- Australian dollar rose to a three-week high in wake of easing
- ‘Zero measurable macro impact’ from cut: Nomura’s Ticehurst
The Reserve Bank of Australia’s decision to cut interest rates last week has so far produced few clear winners.
The Australian dollar, a “significant source of uncertainty” for the central bank, remains the strongest major developed currency this quarter, while stocks and bonds have fallen. With Glenn Stevens about to enter his final month as governor and the cash rate at a record-low 1.5 percent, the RBA’s actions are having less impact than they once did, a problem that’s plaguing many of central bankers around the world.
The RBA is aiming to drag the country out of a disinflationary spiral, yet it’s predicting consumer price gains will remain below its targeted range after it eased. The benefits of the rate cut for borrowers will be more muted than policy makers may have hoped, with the nation’s biggest banks opting to pass on only about half the 25 basis-point reduction to mortgage and business customers.
“I believe zero measurable macro impact will come from this latest rate cut,” said Andrew Ticehurst, a strategist at Nomura Holdings Inc. in Sydney, citing the effect of the Australian dollar’s resilience and the response from major banks. “We’re getting to the point too where rate cuts are having absolutely marginal beneficial impact. The Reserve Bank has very limited remaining ammunition.”
The RBA left its growth and inflation forecasts little changed in a quarterly statement released Friday, predicting the economy will expand 2.5 percent to 3.5 percent this year. Core inflation is expected to remain below 2 percent for most of the forecast period through 2018.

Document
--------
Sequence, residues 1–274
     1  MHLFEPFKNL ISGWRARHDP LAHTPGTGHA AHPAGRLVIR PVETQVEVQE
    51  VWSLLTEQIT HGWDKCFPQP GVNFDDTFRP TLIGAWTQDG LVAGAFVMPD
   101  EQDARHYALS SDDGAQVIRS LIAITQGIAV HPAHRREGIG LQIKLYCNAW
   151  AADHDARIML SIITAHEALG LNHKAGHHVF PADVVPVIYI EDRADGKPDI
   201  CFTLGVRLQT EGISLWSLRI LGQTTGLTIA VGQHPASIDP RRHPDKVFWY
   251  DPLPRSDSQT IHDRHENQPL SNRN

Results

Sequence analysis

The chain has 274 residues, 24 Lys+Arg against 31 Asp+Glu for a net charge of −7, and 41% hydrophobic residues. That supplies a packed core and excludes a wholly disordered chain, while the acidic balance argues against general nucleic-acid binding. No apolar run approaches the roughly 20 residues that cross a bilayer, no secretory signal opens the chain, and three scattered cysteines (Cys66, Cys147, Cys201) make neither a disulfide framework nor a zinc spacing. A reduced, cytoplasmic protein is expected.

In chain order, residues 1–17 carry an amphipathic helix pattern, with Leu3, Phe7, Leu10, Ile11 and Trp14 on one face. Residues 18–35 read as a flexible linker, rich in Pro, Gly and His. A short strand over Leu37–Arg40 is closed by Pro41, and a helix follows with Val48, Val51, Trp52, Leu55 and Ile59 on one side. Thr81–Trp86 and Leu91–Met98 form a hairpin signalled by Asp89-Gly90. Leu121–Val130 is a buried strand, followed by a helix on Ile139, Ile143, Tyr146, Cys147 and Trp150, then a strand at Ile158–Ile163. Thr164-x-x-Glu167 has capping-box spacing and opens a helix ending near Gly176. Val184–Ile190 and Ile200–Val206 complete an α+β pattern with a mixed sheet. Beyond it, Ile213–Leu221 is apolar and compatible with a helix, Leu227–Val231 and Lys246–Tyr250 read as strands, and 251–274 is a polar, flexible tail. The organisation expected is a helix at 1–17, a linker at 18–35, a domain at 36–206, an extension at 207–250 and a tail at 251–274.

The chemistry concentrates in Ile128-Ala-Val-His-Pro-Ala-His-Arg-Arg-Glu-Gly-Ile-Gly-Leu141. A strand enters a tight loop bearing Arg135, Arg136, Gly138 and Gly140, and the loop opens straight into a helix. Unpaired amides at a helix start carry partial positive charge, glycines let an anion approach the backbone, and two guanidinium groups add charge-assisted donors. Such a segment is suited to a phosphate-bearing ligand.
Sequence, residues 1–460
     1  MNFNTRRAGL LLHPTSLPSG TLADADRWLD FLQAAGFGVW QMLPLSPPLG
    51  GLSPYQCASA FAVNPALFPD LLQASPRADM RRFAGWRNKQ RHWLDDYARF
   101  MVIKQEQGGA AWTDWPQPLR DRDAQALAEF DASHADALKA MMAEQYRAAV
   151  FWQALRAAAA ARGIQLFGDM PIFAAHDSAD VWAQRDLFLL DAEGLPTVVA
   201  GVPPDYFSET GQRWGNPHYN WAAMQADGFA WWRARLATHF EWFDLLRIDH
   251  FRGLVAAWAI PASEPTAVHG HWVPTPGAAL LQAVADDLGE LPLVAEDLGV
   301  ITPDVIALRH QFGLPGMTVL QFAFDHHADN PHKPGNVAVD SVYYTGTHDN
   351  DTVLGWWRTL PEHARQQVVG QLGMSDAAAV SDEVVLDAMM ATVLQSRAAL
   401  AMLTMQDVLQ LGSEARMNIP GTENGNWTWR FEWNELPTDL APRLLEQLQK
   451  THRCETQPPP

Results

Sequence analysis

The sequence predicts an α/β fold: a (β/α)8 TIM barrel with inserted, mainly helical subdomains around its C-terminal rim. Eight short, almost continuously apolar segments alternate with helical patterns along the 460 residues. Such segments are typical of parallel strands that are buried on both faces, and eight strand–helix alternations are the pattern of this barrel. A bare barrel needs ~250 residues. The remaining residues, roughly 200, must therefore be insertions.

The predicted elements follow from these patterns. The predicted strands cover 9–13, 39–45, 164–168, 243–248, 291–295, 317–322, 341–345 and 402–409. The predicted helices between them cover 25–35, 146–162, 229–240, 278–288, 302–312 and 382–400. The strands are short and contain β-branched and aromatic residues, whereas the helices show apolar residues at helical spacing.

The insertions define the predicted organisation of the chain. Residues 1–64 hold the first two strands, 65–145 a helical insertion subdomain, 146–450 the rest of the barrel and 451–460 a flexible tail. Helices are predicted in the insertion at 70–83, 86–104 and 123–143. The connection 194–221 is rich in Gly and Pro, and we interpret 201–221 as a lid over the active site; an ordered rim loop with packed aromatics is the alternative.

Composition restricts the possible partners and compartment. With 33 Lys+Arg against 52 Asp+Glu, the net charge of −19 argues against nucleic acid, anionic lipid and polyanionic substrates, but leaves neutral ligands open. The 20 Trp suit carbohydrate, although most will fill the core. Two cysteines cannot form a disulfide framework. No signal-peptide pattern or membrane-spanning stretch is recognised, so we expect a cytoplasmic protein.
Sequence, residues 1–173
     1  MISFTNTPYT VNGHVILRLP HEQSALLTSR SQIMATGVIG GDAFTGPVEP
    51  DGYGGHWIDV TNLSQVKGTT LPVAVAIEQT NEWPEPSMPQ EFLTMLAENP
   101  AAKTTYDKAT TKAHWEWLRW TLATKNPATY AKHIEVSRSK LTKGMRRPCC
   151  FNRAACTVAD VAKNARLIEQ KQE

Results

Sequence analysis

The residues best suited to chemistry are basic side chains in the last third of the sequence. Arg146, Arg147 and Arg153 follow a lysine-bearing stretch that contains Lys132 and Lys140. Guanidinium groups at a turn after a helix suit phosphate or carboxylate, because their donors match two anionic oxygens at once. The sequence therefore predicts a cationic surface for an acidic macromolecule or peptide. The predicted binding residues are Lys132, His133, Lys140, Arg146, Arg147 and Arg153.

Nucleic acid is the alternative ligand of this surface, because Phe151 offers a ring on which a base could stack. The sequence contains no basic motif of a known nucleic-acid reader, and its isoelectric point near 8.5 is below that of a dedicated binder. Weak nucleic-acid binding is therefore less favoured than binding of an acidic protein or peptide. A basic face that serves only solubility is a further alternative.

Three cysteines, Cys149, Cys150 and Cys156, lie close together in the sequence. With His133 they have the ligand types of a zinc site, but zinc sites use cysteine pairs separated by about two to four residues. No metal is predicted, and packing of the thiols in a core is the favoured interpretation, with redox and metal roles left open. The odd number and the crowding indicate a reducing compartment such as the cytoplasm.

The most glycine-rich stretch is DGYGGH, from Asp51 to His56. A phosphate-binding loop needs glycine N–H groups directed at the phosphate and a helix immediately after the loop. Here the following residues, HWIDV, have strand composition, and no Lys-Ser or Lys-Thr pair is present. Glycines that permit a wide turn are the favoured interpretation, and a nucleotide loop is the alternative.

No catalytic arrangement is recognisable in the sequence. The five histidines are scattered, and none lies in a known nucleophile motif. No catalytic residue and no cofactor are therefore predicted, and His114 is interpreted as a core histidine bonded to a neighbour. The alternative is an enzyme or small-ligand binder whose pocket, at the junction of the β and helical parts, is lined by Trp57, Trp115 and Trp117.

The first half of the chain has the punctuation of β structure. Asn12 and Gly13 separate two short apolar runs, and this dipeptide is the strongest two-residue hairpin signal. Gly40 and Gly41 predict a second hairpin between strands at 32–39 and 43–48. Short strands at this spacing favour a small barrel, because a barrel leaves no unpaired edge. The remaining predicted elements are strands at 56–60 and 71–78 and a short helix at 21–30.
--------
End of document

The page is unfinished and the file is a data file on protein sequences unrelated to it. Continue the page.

The Australian dollar climbed to a three-week high on Friday following the statement. It was at 76.11 U.S. cents as of 1:03 p.m. Monday in Sydney, 1 percent stronger than it had been a week earlier. The Aussie has strengthened against all its Group-of-10 peers since June 30.
The S&P/ASX 200 index of stocks has fallen 0.3 percent from its close on July 29, while the yield on the benchmark 10-year bond has climbed eight basis points to 1.95 percent.
Following the RBA’s rate cut on Tuesday, the nation’s four biggest banks said they would reduce their variable borrowing rates by 10 to 14 basis points, while increasing those on selected term deposit products.
Their choice to favor savers over borrowers complicates the transmission of RBA policy through the economy as it seeks to stoke inflation and business investment.
While Adrian Blundell-Wignall, an official at the Paris-based Organisation for Economic Co-operation and Development, said the cut was necessary to stop yield-hungry investors driving up the currency, the RBA chief leaves his successor Philip Lowe with limited policy ammunition to combat further gains.
“There is now the risk that the markets expect the RBA to take a preordained path to ease after each CPI report,” said Annette Beacher, head of Asia-Pacific research at TD Securities in Singapore. A pause on Tuesday would have mitigated that threat, she said.
The government will release third-quarter inflation data on Oct. 26, a week before the RBA meets Nov. 1, the same day as the renowned Melbourne Cup horse race. Eight of the 25 economists surveyed by Bloomberg predict policy makers will cut rates at the gathering by another quarter percentage point to 1.25 percent. Lowe, who will take the helm in mid-September, has indicated that lowering the benchmark on its own would lose effectiveness as it approaches 1 percent.
Stevens may discuss in a speech in Sydney this week the limits to what can be achieved with monetary policy, said Kieran Davies, an economist at Australia & New Zealand Banking Group Ltd. in Sydney. The central bank will look “more closely at unconventional options” should the economic situation worsen, he wrote in a note to clients.
“The RBA thought the likelihood of using such options was very remote, but we are much less sure given the cash rate is close to the RBA’s 1 percent floor,” he said.